Former Secretary of State Condoleezza Rice speaks during the Republican National Convention at the Tampa Bay Times Forum in Tampa, Fla., Aug. 29, 2012.
Travis Dove/The New York Times/Redux

Condoleezza Rice withdraws as Rutgers speaker after protests


Former Secretary of State Condoleezza Rice has withdrawn as commencement speaker for Rutgers University, following fierce protests from faculty and students over her role in the U.S. invasion of Iraq in 2003.

“Commencement should be a time of joyous celebration for the graduates and their families. Rutgers’ invitation to me to speak has become a distraction for the university community at this very special time,” Rice said in a statement posted on her official Facebook page Saturday. 

After the Rutgers Board of Governors picked the former Bush official in February, Rutgers faculty immediately circulated a petition denouncing Rice for playing a significant role in “efforts to mislead the American people about the presence of weapons of mass destruction in Iraq.”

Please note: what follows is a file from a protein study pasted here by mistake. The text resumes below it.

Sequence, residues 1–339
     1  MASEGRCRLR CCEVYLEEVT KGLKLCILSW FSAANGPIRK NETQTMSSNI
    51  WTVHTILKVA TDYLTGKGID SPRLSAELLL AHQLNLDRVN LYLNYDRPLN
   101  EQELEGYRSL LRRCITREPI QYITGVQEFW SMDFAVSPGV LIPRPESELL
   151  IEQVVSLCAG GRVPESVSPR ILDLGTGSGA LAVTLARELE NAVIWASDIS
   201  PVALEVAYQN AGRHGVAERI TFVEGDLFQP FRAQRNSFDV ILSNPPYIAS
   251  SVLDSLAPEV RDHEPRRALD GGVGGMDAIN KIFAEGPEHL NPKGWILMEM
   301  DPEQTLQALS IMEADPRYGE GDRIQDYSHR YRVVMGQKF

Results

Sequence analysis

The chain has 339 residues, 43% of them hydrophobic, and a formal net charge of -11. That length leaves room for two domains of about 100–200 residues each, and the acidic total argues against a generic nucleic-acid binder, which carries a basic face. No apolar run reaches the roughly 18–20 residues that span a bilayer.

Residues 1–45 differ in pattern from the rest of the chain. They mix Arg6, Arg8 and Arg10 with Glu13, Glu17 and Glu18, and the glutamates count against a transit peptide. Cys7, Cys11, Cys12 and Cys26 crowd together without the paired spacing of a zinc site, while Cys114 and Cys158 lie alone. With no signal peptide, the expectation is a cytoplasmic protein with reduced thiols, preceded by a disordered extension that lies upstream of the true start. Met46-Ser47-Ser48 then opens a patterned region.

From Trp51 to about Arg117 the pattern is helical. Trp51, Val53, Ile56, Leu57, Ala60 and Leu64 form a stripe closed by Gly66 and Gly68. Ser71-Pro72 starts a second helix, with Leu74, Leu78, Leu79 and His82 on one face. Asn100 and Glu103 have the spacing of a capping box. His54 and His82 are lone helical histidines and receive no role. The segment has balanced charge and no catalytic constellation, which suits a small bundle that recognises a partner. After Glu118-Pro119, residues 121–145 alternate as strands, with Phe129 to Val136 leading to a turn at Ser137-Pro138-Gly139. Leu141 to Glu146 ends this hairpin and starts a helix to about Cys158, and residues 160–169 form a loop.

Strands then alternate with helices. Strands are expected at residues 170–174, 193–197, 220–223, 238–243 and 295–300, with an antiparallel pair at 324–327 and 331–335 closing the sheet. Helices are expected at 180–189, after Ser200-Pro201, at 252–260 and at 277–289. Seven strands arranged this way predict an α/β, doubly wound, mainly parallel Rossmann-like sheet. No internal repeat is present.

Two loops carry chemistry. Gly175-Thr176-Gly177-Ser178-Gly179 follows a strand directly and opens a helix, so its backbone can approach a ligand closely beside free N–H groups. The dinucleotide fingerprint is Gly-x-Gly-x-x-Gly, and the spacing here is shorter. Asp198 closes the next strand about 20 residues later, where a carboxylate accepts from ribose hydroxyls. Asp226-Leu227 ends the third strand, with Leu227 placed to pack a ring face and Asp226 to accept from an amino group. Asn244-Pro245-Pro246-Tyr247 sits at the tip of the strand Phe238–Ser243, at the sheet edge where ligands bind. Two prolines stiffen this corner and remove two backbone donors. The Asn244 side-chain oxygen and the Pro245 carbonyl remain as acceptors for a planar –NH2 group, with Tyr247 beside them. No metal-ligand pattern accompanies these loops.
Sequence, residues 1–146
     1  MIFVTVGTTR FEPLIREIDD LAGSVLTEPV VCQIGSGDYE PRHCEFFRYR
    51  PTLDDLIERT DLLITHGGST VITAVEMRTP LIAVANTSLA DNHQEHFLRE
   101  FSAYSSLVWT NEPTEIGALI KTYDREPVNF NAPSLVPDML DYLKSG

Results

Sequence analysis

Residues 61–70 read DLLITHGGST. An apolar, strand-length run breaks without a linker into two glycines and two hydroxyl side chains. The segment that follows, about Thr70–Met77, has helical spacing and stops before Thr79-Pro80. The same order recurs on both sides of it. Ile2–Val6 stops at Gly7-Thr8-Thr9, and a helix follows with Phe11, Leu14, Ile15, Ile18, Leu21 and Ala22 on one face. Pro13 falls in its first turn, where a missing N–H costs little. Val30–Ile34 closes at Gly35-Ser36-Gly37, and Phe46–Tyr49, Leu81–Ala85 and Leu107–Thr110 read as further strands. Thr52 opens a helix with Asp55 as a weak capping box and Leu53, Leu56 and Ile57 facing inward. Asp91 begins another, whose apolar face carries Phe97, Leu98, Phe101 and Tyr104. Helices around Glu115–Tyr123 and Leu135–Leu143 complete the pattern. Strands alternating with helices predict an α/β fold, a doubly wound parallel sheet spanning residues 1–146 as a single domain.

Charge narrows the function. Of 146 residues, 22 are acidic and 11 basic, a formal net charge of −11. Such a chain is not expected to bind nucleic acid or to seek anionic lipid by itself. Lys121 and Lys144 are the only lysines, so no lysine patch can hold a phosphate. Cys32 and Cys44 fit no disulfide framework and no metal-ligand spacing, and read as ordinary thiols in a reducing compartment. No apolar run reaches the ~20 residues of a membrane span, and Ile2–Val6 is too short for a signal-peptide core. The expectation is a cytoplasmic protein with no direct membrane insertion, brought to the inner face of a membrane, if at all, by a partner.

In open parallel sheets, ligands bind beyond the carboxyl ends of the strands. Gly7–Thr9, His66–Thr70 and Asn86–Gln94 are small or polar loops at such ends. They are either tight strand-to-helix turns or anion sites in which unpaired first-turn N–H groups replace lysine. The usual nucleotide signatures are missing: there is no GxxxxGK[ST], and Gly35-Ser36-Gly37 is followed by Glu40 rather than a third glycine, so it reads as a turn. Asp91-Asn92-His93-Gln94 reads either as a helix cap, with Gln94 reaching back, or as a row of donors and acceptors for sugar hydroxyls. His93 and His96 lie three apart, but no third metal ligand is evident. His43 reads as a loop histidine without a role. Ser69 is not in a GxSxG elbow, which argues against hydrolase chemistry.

The student government was more divided, having voted 25-17 in March in favor of having her as speaker for their commencement on May 18. 

“I have defended America’s belief in free speech and the exchange of ideas. These values are essential to the health of our democracy. But that is not what is at issue here,” Rice said.

She added, “I understand and embrace the purpose of the commencement ceremony and I am simply unwilling to detract from it in any way.”

Rice has elicited recent controversy in other arenas as well. After the digital storage firm Dropbox decided to appoint her to the company’s board of directors last month, online activists organized a campaign called “Drop Dropbox,” citing earlier statements she made defending the National Security Agency’s warrantless wiretapping program. 

“While Rutgers University stands fully behind the invitation to Dr. Rice to be our commencement speaker and receive an honorary degree, we respect the decision she made and clearly articulated in her statement this morning,” the university said in a statement.